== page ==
I received an email the other day from a family friend and fellow church member. She closed her message with “Very respectfully yours.” That’s not a closing I often (or ever) see in this new century of casual and instant communication, of texts and tweets. Especially from a 20-year-old college sophomore!

It seemed sort of old-fashioned and outdated. But knowing this person, who is well spoken but not stiff or formal, I took “Very respectfully yours” at face value. I believed in its sincerity.

With all the technological tools at our disposal, communication has never been easier. Nor has it ever been harder. There’s just so much of it. The constant noise and buzz are overwhelming. Breaking into people’s communication devices—and then their lives—is a formidable task.

My friend’s email reminded me of something all human beings crave: respect. That’s a good place to start as you think about messages and communication to audiences, large or small. Show respect. Don’t talk at folks or insult their intelligence. Don’t flatter. Be respectful, be real, because they’re real people, not just email addresses or Twitter avatars.

Communicate “Very respectfully yours” even though you won’t use those exact words like so many correspondents once did in typed and handwritten letters. When you show genuine respect for your audiences, they’re more likely to reward you with their attention.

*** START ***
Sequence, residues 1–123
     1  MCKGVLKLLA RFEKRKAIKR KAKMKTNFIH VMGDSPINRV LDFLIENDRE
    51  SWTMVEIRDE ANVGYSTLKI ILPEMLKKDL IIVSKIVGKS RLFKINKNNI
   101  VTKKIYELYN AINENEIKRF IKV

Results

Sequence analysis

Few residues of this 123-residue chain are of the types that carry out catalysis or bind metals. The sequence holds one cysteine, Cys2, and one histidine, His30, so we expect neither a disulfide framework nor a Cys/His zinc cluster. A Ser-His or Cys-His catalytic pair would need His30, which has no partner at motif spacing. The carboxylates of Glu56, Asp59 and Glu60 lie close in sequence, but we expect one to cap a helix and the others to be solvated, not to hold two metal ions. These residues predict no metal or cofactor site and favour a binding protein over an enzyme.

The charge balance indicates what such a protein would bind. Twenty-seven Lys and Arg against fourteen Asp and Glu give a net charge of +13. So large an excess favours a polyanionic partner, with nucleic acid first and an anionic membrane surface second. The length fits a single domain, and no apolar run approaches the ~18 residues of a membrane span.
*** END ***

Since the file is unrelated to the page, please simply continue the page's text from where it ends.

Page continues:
2 thoughts on “Respect”

  1. Neil,

    And, sadly, common courtesy is no longer common. We could all use a dose of the fifties.

    I offer as evidence the Flynn Park School Creed, which was prominently displayed in the foyer of my grade school.

    Let me be a little kinder,
    Let me be a little blinder to the faults of those about me.
    Let me praise a little more.
    Let me be when I am weary just a little bit more cheery.
    Let me serve a little better, those that I am striving for.
    Let me be a little braver, when temptation bids me waver.
    Let me strive a little harder to be all that I should be.
    Let me be a little meeker, with the brother that is weaker.
    Let me think more of my neighbor, and a little less of me.

    We don’t see much of that today.

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